While it would be great if all employees were self-motivated and responded to intrinsic rewards (such as the satisfaction of doing a job well, challenge or rewards that are self-administered), a certain percentage of the workforce is not intrinsically motivated and will respond to extrinsic rewards administered by others, such as award merchandise, trips, plaques or other recognition. Well-designed employee programs provide a mix of both intrinsic and extrinsic rewards. (The 10 steps to designing effective incentive programs and links to incentive professionals can be found at www.incentivemarketing.org.)
The Way You Make Me Feel
Study after study has shown that tangible incentives (non-cash awards) are more effective in improving performance than cash, and that the way in which the employee is recognized for the achievement is a critical component.
Poet Maya Angelou said, “I’ve learned that people will forget what you said, people will forget what you did, but people will never forget how you made them feel.” The same can be applied to employee recognition.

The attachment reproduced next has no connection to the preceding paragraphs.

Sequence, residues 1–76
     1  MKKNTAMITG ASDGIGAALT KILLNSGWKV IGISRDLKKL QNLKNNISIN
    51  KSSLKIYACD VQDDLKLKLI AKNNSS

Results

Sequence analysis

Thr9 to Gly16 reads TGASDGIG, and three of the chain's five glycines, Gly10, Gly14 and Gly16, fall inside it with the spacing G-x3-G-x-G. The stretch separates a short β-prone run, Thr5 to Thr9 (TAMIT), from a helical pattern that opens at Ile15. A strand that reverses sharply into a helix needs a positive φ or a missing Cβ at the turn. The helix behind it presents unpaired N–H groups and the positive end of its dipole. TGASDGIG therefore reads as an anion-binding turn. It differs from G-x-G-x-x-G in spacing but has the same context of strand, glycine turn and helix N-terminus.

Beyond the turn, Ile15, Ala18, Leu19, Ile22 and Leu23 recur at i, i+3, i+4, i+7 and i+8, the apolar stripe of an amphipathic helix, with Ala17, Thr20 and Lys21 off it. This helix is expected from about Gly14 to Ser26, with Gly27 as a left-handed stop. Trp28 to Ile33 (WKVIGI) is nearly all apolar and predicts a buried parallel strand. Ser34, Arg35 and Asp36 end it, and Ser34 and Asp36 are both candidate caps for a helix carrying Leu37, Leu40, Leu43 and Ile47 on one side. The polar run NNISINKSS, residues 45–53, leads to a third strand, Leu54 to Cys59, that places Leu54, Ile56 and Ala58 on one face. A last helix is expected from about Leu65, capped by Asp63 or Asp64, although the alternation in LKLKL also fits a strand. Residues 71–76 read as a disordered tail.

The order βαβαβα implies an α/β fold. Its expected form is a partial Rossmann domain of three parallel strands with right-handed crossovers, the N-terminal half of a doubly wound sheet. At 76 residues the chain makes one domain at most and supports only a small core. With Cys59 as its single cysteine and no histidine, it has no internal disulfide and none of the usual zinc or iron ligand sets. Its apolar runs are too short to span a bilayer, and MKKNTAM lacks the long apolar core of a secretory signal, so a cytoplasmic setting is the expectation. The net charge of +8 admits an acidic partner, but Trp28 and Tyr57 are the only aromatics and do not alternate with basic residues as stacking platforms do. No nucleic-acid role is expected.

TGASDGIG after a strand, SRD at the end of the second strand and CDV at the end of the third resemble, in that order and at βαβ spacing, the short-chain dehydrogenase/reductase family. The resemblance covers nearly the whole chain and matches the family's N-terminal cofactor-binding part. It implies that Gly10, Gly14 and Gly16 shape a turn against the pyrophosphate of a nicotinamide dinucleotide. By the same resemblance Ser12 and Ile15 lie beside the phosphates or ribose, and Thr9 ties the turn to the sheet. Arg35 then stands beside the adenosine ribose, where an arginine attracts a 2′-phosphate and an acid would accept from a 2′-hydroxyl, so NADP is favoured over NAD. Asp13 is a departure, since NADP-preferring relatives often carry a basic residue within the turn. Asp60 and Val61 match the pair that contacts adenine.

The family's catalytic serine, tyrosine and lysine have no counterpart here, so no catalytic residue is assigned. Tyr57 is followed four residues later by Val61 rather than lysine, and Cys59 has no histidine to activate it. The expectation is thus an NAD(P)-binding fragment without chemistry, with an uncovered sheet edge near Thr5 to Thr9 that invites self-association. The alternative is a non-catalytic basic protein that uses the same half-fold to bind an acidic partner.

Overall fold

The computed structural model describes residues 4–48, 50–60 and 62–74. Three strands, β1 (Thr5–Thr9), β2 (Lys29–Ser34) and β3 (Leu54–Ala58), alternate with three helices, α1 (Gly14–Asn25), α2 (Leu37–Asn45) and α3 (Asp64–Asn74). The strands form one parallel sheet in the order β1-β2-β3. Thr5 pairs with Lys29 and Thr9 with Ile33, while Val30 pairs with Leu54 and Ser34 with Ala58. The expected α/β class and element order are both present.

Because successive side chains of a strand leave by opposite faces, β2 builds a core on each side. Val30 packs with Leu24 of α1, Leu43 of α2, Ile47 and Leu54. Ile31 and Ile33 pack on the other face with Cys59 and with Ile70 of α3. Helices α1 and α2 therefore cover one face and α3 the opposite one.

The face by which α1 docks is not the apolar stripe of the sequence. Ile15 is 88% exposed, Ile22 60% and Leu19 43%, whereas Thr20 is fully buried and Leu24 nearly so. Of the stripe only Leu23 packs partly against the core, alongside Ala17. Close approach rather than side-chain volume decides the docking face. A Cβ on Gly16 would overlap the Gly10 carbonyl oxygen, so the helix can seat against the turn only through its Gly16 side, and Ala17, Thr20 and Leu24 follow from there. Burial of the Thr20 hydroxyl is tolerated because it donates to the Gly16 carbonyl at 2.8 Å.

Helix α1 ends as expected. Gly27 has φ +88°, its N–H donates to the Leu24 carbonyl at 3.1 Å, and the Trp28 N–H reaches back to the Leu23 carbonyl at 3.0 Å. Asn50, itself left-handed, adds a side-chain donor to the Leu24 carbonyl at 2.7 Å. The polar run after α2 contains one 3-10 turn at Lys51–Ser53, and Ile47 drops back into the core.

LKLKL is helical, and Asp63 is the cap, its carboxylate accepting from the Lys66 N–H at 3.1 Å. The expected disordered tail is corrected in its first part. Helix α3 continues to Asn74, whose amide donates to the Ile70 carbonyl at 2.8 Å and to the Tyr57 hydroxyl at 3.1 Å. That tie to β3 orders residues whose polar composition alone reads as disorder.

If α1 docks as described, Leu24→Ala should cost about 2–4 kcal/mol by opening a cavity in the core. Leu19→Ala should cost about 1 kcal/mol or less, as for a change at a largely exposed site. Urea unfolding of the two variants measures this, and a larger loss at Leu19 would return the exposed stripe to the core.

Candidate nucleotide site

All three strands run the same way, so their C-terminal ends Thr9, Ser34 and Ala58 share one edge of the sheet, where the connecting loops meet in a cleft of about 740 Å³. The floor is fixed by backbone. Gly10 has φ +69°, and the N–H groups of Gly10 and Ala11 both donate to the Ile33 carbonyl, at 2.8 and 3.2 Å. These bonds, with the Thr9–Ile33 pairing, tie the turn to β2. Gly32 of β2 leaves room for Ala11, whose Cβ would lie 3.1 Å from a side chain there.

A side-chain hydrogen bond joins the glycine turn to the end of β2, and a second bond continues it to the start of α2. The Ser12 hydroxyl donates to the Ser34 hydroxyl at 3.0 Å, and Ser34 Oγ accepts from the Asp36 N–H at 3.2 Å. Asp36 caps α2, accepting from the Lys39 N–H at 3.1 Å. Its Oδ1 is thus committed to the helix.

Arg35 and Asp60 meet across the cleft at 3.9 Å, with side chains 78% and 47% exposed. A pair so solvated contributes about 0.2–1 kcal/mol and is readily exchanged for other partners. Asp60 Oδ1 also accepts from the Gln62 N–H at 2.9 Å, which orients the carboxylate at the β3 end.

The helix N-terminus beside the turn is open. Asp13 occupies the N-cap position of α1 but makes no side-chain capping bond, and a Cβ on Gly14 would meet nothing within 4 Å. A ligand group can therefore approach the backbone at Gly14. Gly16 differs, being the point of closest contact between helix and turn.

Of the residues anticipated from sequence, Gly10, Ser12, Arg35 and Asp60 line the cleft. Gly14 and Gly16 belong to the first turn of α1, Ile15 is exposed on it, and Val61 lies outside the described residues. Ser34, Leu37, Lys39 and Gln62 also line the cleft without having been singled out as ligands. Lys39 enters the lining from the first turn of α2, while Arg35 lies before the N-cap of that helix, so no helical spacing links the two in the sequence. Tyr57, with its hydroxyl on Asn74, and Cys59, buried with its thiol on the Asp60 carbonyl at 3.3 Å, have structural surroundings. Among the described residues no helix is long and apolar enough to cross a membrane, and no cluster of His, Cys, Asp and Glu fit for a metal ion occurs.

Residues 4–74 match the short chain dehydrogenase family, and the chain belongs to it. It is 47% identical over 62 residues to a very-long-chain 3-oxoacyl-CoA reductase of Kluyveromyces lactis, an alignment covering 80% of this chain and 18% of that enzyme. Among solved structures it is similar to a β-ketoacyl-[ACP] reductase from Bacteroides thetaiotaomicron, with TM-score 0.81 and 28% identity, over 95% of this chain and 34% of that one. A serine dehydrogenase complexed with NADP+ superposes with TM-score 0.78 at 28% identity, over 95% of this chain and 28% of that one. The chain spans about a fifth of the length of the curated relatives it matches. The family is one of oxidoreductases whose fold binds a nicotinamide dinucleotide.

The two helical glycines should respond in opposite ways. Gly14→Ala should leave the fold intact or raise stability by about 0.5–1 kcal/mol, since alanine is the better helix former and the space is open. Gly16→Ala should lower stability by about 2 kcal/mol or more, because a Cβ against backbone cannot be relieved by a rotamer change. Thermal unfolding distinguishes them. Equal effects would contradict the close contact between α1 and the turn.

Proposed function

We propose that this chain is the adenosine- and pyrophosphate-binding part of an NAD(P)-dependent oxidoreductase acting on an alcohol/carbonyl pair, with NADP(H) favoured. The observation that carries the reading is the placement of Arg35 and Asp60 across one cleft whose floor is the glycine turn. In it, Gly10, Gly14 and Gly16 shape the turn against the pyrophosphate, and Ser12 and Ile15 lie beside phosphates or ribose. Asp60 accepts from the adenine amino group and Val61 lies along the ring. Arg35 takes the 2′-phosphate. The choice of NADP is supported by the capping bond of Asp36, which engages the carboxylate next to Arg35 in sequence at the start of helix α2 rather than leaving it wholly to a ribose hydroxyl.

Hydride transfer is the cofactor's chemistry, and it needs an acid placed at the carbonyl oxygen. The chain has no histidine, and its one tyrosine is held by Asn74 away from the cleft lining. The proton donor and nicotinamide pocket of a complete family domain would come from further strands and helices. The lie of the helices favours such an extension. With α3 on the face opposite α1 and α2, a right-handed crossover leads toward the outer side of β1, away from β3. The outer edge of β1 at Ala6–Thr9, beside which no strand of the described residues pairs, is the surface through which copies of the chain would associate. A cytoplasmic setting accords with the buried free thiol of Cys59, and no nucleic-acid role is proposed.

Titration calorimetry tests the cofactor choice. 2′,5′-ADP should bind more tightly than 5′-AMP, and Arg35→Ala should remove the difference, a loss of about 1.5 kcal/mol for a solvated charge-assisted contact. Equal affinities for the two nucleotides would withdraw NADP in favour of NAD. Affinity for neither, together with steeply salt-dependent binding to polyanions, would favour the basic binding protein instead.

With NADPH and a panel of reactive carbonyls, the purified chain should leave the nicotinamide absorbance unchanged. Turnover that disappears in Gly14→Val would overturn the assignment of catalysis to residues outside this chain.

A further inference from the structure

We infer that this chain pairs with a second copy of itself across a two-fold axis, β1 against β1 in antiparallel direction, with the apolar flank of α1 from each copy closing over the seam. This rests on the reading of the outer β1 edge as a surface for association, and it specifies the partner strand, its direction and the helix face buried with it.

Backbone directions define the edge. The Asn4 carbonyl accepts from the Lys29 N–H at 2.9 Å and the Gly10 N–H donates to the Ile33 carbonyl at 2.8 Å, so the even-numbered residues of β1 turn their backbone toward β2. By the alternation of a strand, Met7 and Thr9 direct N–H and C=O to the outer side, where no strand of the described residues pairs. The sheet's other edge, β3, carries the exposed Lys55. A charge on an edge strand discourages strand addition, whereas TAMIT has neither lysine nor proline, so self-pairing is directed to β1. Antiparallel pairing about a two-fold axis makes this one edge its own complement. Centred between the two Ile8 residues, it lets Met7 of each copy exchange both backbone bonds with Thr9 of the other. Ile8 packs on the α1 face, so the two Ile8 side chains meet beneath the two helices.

Online programs have streamlined the program process such that it’s tempting to manage the entire program online, from e-mail announcements and promotion of the program to point banks for online ordering, to the award delivery that arrives at the recipient’s home.
Even in an online world, you can make the award presentation meaningful, memorable and personal. Although the merchandise award may be shipping directly to the recipient, the accomplishments can still be called out in a personal presentation. For example:
• Arrange for a personal presentation of a point certificate/plaque or acknowledgement with a photo and a handshake from the department head, company president or chair of the board.
• Recognize achievers at an annual meeting or sales meeting in the presence of their peers.
• Announce and recognize achievement via satellite or Skype for employees in virtual offices.
Choose The Right Tangible Rewards
It’s clear that tangible rewards offer a number of benefits to both the recipient and the sponsoring company, but how do you choose the right rewards for your audience?
• Involve your participant audience in the selection. Participants are likely to be more invested in the program when they’ve had input as to award choices and other aspects of the program or project.